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Jose Miguel Irarrazaval

Host, Logistics with Purpose

Jose Manuel Irarrazaval es parte del equipo de Vector Global Logistics Chile. José Manuel es un gerente experimentado con experiencia en finanzas corporativas, fusiones y adquisiciones, financiamiento y reestructuración, inversión directa y financiera, tanto en Chile como en el exterior. José Manuel tiene su MBA de la Universidad de Pennsylvania- The Wharton School. Conéctese con Jose Manuel en LinkedIn.

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Vicki White


Vicki has a long history of rising to challenges and keeping things up and running. First, she supported her family’s multi-million dollar business as controller for 12 years, beginning at the age of 17. Then, she worked as an office manager and controller for a wholesale food broker. But her biggest feat? Serving as the chief executive officer of her household, while her entrepreneur husband travelled the world extensively. She fed, nurtured, chaperoned, and chauffeured three daughters all while running a newsletter publishing business and remaining active in her community as a Stephen’s Minister, Sunday school teacher, school volunteer, licensed realtor and POA Board president (a title she holds to this day). A force to be reckoned with in the office, you might think twice before you meet Vicki on the tennis court! When she’s not keeping the books balanced at Supply Chain Now or playing tennis matches, you can find Vicki spending time with her husband Greg, her 4 fur babies, gardening, cleaning (yes, she loves to clean!) and learning new things.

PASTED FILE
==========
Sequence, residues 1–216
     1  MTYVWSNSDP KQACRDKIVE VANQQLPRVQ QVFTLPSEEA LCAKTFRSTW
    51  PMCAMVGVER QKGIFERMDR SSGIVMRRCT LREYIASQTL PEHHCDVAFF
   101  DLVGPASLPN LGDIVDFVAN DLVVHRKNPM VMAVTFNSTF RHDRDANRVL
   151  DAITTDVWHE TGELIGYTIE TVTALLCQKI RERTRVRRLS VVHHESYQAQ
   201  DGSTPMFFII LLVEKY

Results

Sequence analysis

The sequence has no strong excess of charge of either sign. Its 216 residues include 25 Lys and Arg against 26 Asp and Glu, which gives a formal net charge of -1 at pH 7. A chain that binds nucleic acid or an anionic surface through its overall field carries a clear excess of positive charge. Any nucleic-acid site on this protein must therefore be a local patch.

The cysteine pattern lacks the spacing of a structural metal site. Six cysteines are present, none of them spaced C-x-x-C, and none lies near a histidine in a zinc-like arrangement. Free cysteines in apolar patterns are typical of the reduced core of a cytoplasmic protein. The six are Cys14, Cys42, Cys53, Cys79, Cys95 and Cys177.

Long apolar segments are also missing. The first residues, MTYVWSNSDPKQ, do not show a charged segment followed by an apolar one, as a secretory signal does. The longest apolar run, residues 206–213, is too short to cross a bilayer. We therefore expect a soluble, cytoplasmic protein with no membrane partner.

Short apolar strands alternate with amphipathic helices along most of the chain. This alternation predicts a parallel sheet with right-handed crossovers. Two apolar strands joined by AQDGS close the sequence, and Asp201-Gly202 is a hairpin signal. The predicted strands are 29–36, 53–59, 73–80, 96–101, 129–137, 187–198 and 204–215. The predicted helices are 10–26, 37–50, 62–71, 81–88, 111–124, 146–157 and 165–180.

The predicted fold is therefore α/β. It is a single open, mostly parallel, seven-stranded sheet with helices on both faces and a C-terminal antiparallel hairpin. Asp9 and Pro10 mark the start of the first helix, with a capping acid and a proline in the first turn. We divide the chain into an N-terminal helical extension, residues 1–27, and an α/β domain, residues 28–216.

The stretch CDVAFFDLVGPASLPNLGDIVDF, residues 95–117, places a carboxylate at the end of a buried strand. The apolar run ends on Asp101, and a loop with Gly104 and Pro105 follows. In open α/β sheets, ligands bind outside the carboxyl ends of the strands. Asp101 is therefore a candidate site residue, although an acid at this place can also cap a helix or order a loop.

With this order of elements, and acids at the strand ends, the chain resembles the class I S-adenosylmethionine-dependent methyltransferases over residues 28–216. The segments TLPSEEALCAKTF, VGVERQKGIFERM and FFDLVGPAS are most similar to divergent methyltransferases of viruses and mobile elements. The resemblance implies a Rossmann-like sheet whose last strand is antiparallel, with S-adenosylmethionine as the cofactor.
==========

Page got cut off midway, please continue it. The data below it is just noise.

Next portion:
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Allison Giddens


Allison Krache Giddens has been with Win-Tech, a veteran-owned small business and aerospace precision machine shop, for 15 years, recently buying the company from her mentor and Win-Tech’s Founder, Dennis Winslow. She and her business partner, John Hudson now serve as Co-Presidents, leading the 33-year old company through the pandemic.

She holds undergraduate degrees in psychology and criminal justice from the University of Georgia, a Masters in Conflict Management from Kennesaw State University, a Masters in Manufacturing from Georgia Institute of Technology, and a Certificate of Finance from the University of Georgia. She also holds certificates in Google Analytics, event planning, and Cybersecurity Risk Management from Harvard online. Allison founded the Georgia Chapter of Women in Manufacturing and currently serves as Treasurer. She serves on the Chattahoochee Technical College Foundation Board as its Secretary, the liveSAFE Resources Board of Directors as Resource Development Co-Chair, and on the Leadership Cobb Alumni Association Board as Membership Chair and is also a member of Cobb Executive Women. She is on the Board for the Cobb Chamber of Commerce’s Northwest Area Councils. Allison runs The Dave Krache Foundation, a non-profit that helps pay sports fees for local kids in need.